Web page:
In the parking lot was a chorus line of freshly polished Speed Triples, one in Fusion White, another in Jet Black, and the rest in Blazing Orange (a fourth color–Matte Black–will be available this summer). Like a sushi chef at a fish market, I inspected the bike scrupulously. Italian design firm Marabese, which is responsible for the Tiger’s latest stripes, also styled the new Speed Triple. They nailed it, no doubt aware that one-quarter of all Speed Triples are sold in Italy. Newly sculpted bodywork, shapely radiator shrouds and redesigned alloy wheels are moto haute couture. But like the heroin chic fashion of the mid-’90s, this supermodel has a dark side: a menacing new black-anodized fork and wheels and a blacked-out frame and engine.

My prom date sported a stiletto exhaust and a shopping spree of carbon fiber accessories. Triumph offers two exhaust upgrades from Arrow: a low-slung, stubby silencer and a pair of upswept cans in the same location as the stock collectors. In a gradual move away from the previous model’s bobcat tail, the rear subframe is longer and the pillion footpegs have been repositioned for more passenger comfort.

The new instrument cluster includes an analog tachometer and a LCD speedometer that makes it easy to calculate the number of points you might get on your license. Other features include dual tripmeters and a clock, as well as fuel consumption, maximum and average speed indicators and a programmable shift light.

Battle-ready and good-lookin’ to boot….

Battle-ready and good-lookin’ to boot….

The new Speed Triple is a hottie, plain and simple. Preparing to ride, I was nervous of heart and sweaty of palm. There I was, a virgin on my first Rider intro, my confidence (and a bike) battered at the track a few days earlier, staring at this sexy machine that just oozes torque, trying to psyche myself up to ride twisty, unfamiliar roads in the wet. If not for my leather gloves, I would have bitten my nails down to the quick.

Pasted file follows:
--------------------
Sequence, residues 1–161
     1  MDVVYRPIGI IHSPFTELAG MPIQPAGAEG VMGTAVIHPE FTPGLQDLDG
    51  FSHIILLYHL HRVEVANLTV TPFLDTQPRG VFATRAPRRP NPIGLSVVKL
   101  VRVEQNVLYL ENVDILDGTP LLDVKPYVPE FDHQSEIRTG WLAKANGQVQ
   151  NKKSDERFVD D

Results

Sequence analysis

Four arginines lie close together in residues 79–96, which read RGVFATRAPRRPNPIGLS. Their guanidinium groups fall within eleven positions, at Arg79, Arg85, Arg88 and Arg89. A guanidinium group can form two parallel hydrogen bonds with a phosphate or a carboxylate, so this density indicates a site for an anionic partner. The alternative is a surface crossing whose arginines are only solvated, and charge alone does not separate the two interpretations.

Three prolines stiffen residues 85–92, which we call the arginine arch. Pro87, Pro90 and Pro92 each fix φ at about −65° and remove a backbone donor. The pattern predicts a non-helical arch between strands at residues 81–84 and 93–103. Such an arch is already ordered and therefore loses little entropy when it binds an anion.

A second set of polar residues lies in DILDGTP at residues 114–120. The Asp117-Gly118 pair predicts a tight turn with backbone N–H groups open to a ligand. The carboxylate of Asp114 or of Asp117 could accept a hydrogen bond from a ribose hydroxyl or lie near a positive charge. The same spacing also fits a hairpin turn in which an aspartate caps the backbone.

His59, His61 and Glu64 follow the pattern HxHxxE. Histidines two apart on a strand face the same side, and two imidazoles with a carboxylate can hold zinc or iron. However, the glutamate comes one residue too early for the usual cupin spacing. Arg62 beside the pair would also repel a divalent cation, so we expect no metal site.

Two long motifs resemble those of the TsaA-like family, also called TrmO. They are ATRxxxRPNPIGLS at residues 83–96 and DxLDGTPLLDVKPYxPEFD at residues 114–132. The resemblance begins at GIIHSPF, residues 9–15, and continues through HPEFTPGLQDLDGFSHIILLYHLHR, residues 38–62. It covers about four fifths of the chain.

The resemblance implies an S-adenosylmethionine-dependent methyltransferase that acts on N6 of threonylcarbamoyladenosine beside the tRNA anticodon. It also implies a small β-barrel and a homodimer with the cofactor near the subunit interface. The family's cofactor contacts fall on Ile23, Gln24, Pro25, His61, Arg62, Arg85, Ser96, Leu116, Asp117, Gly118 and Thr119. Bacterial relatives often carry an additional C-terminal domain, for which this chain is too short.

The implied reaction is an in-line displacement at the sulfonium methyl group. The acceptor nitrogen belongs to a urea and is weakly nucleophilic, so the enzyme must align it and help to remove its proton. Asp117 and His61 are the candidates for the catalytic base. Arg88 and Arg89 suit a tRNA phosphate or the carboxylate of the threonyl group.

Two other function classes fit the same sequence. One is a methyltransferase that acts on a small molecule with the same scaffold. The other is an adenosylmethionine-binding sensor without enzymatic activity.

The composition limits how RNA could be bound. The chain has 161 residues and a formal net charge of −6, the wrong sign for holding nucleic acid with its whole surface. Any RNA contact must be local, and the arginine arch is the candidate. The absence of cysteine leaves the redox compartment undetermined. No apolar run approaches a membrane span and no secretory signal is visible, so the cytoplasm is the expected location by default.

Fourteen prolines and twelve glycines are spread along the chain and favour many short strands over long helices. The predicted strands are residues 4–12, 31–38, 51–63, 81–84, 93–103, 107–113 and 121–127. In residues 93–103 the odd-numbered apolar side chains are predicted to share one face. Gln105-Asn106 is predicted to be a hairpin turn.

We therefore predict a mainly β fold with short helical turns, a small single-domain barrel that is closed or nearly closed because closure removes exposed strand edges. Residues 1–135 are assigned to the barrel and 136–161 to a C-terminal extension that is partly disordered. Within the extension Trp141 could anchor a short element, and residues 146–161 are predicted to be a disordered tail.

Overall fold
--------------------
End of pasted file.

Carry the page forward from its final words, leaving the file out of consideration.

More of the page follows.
But the Speed Triple was a dream date, quickly putting me at ease. Even in the rain and fog, the bike was well-mannered. The fuel-injected 1,050cc triple fired up quickly, then settled into a warm, reassuring rumble. Although designated for “circuit use only,” the Arrow exhaust doesn’t add obnoxious bark for the extra bite. The seat was plush, and the seating position was just right for this 6-foot, 2-inch Goldilocks.

New tapered, silver-anodized, aluminum Magura handlebars gave my dance partner a light touch. The front brakes have been upgraded to four-piston Brembo radial calipers with 320mm floating discs and a radial master cylinder. The rear binder is a single, two-piston Nissin caliper squeezing a 220mm disc. Despite the dicey conditions, the brakes were predictable and confidence-inspiring.

The Speed Triple waltzes through curves with style and grace.

The Speed Triple waltzes through curves with style and grace.

After lunch, the sky cleared and the road dried. Good thing, because the choicest tarmac lay ahead: the rollercoaster NC 28 and then the infamous Dragon, Highway 129, with 318 curves in 11 miles. Wringing the Speed Triple’s neck put a big, nasty grin on my face. The strong, smooth motor has oodles of torque and the impressive power is delivered without surprises. Claimed peak power is 131 horsepower at 9,250 rpm and peak torque is 77 lb-ft at 7,550 rpm, measured at the crank. Triumph’s second-generation Keihin ECU and fuel injection work well, without hiccups or hesitation.